Calmer markets – we shouldn’t be complacent but they might help the real economy

5th August 2014 by James Mahon

There is media concern at present about volatility (the lack of it), why this might be and whether it is a sign of complacency and problems in store. Principally, this seems to be focused on the level of volatility being down to pre-crisis levels again. This chart of the VIX, which is an American measure of stock market volatility for which we have the best long-term information, illustrates the point:

CBOE S&P 500 Volatility Index (‘VIX’) 1990 – 2014
Source: Bloomberg

The various crises of the last twenty-five years show up well on the chart: the recession of the early 1990s, the Asian and LTCM crises of 1997/8, millennium bugs and the dot.com bubble around the turn of the century, 2008 and the eurozone problems of 2011. Clearly, the VIX is firmly at the bottom of its long-term range now, and, on this basis, looks more likely to rise again than to fall further. Whether this is a portent of doom is another matter.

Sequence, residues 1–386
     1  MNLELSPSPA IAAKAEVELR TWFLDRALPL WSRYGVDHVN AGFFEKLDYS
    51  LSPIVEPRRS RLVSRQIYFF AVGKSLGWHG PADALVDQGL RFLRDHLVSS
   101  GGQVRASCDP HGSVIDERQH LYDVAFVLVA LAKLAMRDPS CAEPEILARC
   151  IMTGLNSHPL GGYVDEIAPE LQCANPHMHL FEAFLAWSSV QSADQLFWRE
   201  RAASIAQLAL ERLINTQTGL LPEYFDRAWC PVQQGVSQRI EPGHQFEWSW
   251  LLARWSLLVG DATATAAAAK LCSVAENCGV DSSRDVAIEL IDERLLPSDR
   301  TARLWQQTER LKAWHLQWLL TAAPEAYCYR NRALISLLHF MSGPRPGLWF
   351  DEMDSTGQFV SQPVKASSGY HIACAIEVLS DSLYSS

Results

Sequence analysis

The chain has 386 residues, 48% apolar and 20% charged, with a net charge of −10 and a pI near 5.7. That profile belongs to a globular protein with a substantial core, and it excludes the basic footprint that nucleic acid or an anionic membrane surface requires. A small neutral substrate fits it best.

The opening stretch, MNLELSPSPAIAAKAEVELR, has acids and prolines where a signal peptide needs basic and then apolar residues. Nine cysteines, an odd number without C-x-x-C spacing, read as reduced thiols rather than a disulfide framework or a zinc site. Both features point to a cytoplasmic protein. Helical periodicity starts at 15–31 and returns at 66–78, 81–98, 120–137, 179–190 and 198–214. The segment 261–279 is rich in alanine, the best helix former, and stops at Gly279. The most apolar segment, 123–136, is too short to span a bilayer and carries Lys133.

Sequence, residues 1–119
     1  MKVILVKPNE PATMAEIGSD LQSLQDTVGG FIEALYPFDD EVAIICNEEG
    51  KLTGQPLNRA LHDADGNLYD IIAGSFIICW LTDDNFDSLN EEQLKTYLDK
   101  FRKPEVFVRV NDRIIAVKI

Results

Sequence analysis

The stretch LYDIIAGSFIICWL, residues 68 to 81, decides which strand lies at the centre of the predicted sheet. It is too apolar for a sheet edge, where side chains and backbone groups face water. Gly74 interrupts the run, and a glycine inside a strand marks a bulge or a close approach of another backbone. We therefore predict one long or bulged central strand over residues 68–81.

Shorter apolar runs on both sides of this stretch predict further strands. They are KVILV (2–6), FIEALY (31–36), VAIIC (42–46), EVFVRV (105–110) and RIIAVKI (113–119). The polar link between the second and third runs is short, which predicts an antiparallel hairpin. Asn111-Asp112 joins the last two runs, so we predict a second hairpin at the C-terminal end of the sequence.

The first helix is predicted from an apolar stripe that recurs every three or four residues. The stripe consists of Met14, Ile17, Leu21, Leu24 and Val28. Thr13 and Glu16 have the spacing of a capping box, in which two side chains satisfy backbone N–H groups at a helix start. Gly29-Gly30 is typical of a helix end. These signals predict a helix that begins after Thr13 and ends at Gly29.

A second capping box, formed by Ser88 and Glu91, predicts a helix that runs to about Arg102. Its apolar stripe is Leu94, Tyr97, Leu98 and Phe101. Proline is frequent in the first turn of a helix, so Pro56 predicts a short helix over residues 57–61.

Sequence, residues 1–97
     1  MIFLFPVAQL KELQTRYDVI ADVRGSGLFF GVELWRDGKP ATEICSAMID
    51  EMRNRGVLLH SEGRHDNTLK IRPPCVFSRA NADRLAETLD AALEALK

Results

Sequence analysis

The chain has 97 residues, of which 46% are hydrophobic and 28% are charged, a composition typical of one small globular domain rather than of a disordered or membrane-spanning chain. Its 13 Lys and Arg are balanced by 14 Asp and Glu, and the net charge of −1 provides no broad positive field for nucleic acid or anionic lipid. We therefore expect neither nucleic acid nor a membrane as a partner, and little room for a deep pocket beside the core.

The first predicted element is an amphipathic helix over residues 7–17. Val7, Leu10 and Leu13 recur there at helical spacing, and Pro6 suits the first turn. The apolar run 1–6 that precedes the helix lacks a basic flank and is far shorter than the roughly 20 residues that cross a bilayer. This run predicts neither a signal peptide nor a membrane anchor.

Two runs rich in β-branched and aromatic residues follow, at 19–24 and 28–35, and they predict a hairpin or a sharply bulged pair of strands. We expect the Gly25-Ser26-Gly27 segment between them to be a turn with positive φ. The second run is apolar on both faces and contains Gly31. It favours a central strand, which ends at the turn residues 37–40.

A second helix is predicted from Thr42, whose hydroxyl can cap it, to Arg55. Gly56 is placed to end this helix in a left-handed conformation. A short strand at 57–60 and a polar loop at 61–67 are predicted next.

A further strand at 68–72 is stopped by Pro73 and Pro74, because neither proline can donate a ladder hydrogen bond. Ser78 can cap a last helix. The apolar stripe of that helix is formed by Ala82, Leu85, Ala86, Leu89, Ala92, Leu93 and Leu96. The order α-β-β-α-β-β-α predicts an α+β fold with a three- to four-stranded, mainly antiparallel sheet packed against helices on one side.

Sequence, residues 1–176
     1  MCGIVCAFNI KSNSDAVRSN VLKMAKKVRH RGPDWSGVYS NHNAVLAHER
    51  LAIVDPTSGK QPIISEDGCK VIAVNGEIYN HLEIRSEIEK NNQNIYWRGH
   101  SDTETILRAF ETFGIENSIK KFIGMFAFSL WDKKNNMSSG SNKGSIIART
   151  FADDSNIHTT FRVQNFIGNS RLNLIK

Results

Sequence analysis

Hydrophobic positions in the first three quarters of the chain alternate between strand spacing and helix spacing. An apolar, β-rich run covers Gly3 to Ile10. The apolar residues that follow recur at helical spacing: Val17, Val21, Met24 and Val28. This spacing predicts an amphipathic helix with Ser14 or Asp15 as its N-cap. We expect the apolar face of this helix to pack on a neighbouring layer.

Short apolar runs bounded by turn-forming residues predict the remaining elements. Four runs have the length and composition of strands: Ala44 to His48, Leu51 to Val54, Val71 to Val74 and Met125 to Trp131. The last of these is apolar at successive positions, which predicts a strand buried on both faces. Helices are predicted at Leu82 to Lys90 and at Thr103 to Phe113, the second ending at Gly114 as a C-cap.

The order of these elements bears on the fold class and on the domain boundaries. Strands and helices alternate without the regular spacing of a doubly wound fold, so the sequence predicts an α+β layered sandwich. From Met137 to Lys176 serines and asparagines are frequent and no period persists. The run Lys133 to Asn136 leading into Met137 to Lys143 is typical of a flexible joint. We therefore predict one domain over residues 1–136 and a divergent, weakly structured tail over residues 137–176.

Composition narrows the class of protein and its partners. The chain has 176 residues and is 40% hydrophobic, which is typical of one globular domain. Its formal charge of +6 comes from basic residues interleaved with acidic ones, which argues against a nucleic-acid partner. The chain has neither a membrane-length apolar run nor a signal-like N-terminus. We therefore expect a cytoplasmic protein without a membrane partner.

Clearly it is possible to identify a number of potential threats to the present calm: notably from the Middle East and central bank management of the turn in interest rates. Equally, there is an unhealthy ‘thirst for yield’ and the return of leveraged Collateralised Loan Obligations (CLOs), and demand for ‘junk bonds’ in response to this is not a good sign. We do expect volatility to pick up in the second half.

So, yes, calmer markets can lead to complacency and the sort of problems arising from excessive debt that we saw in the financial crisis. But they can also provide a better backdrop for a recovery in the ‘real’ economy which was, after all, a core aim of US and UK central bank’s ‘forward guidance’.

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